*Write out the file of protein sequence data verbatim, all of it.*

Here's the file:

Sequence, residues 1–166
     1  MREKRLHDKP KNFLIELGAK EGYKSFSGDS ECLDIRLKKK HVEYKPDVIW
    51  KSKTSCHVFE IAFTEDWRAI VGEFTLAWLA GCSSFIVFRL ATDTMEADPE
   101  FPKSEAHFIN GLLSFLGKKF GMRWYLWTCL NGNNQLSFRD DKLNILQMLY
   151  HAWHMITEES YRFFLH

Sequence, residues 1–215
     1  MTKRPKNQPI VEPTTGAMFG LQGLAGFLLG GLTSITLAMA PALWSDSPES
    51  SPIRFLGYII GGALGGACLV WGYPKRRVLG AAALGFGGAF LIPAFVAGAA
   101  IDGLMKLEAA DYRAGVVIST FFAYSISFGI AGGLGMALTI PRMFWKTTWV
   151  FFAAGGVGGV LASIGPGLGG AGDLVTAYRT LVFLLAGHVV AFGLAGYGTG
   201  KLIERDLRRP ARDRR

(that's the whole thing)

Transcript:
Sequence, residues 1–166
     1  MREKRLHDKP KNFLIELGAK EGYKSFSGDS ECLDIRLKKK HVEYKPDVIW
    51  KSKTSCHVFE IAFTEDWRAI VGEFTLAWLA GCSSFIVFRL ATDTMEADPE
   101  FPKSEAHFIN GLLSFLGKKF GMRWYLWTCL NGNNQLSFRD DKLNILQMLY
   151  HAWHMITEES YRFFLH

Sequence, residues 1–215
     1  MTKRPKNQPI VEPTTGAMFG LQGLAGFLLG GLTSITLAMA PALWSDSPES
    51  SPIRFLGYII GGALGGACLV WGYPKRRVLG AAALGFGGAF LIPAFVAGAA
   101  IDGLMKLEAA DYRAGVVIST FFAYSISFGI AGGLGMALTI PRMFWKTTWV
   151  FFAAGGVGGV LASIGPGLGG AGDLVTAYRT LVFLLAGHVV AFGLAGYGTG
   201  KLIERDLRRP ARDRR